• Flexible learning is still an innovative approach to educational provision, particularly with respect to the use of new technologies.

However, there are some promising attempts to tackle the problems associated with the evaluation of technologies used in education and training programs, as is indicated in the following optional reading.

Models of evaluation

The validity of evaluation is potentially enhanced if it is based on some theoretical perspective. In the following discussion, three approaches to evaluation activity are briefly summarised. Each one of these approaches is derived from a particular perspective and as such has a unique focus on the evaluation process depending on the aim of the evaluation exercise and often the context in which the evaluation is to be conducted. Basic models and principles of evaluation can be used to develop a plan for evaluation in any learning setting.

Some approaches to evaluation activity are as follows:

  1. Decision-oriented evaluation. Proponents of this approach include Stufflebeam (1971). The focus of this perspective is comparing “what is” with “what should be”.
  2. Value-oriented evaluation. This approach has been also described as the “humanistic approach”. It stresses the value judgments made in evaluating programs (i.e., the merit or worth of programs). It is therefore, inherently humanistic in nature, focuses on the total effect of the program, product or process and is sensitive to initially unknown or unintended program effects. A notable exponent of this approach is Scriven (1993) who proposes the idea of “goal-free evaluation”.
  3. Naturalistic evaluation. This approach aims at discovery and verification through direct observation as in ethnography. It relies on the impressions of the evaluators located in situ who do not manipulate the conditions before or during their enquiry and pose minimal constraints on the behaviour of their participants.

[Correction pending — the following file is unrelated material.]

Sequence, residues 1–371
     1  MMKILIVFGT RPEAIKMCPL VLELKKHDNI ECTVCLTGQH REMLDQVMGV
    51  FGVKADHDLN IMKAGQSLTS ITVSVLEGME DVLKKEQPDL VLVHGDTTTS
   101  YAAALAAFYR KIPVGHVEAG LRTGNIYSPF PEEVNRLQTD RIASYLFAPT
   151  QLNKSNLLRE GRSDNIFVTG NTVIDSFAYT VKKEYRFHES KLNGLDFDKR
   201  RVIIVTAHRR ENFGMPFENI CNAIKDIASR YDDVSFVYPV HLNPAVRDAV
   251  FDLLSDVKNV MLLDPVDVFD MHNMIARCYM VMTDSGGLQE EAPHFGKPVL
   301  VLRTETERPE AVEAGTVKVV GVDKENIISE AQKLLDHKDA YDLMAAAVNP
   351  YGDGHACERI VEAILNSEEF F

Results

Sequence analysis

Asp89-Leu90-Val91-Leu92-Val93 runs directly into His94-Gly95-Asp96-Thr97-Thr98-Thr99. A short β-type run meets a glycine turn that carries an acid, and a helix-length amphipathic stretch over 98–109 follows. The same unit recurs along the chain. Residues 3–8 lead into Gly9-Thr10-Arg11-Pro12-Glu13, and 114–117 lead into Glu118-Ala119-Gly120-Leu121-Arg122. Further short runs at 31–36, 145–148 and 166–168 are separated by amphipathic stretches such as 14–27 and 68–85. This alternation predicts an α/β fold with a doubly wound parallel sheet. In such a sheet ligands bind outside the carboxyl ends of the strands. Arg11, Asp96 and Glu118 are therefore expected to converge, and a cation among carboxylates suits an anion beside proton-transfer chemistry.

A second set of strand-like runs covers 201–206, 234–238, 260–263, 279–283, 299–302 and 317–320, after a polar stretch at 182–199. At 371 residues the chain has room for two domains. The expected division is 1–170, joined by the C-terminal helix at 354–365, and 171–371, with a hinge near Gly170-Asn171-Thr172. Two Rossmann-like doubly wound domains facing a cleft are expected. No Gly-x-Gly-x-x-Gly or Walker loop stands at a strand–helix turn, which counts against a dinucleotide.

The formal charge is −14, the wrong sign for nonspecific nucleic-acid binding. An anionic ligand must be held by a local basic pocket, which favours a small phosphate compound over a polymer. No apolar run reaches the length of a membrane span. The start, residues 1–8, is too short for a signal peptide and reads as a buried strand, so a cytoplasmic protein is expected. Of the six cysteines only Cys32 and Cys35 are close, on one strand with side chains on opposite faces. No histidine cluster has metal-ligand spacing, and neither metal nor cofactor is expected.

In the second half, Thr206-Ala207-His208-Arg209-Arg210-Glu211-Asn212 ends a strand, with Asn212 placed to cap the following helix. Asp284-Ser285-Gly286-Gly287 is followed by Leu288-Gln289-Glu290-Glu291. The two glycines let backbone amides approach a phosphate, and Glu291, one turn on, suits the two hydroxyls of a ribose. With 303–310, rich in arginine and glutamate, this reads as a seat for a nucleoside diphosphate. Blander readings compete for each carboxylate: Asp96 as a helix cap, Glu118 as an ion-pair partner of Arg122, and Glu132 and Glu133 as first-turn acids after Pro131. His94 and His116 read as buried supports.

Stufflebeam's CIPP Model

Analysis phase

Stufflebeam's (1971) CIPP model (Context, Input, Process, Product) provides a basic framework for program evaluation in any learning setting, be it face-to-face or flexible learning environments. The model was developed in an attempt to show how evaluation serves decision-making. The evaluator, working closely with administrators, identifies the decisions the administrator must make and then collects, organises and analyses information and reports the findings to allow judgments to be made. In many cases, the decision maker (through force of circumstances) will have to be their own evaluator.

Stufflebeam proposed four types of evaluation decisions that frequently confront the education decision maker: planning, structuring, implementing and recycling decisions. From these types of decisions, he derived various evaluation strategies. Planning decisions are served by context evaluation; input evaluation serves structuring or design decisions; implementing decisions are served by process evaluation, and recycling decisions by product evaluation. Stufflebeam’s model serves all levels of decision-making: the development of goals, the shaping of proposals, the implementation of projects, and the examination of their achievements (or failures).

Context evaluation

Context evaluation activities are mainly descriptive and comparative. A context evaluation would be devoted to collecting data on the requirements of the profession, the education system, the institution, and the learners, as they relate to an educational program. It would be conducted in order to decide upon program priorities and the choosing and assessing of goals – equating to the analysis phase of the learning design process. The evaluation would help to determine the worth of the program goals by matching them to the requirements of the relevant stakeholders. The context evaluation serves planning decisions and often results from pressure to meet changed circumstances in education and training.

Input evaluation